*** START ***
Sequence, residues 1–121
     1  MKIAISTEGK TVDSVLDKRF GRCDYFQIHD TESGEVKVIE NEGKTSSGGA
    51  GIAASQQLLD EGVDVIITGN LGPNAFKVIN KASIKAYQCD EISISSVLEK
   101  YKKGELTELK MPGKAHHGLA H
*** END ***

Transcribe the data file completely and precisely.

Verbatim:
Sequence, residues 1–121
     1  MKIAISTEGK TVDSVLDKRF GRCDYFQIHD TESGEVKVIE NEGKTSSGGA
    51  GIAASQQLLD EGVDVIITGN LGPNAFKVIN KASIKAYQCD EISISSVLEK
   101  YKKGELTELK MPGKAHHGLA H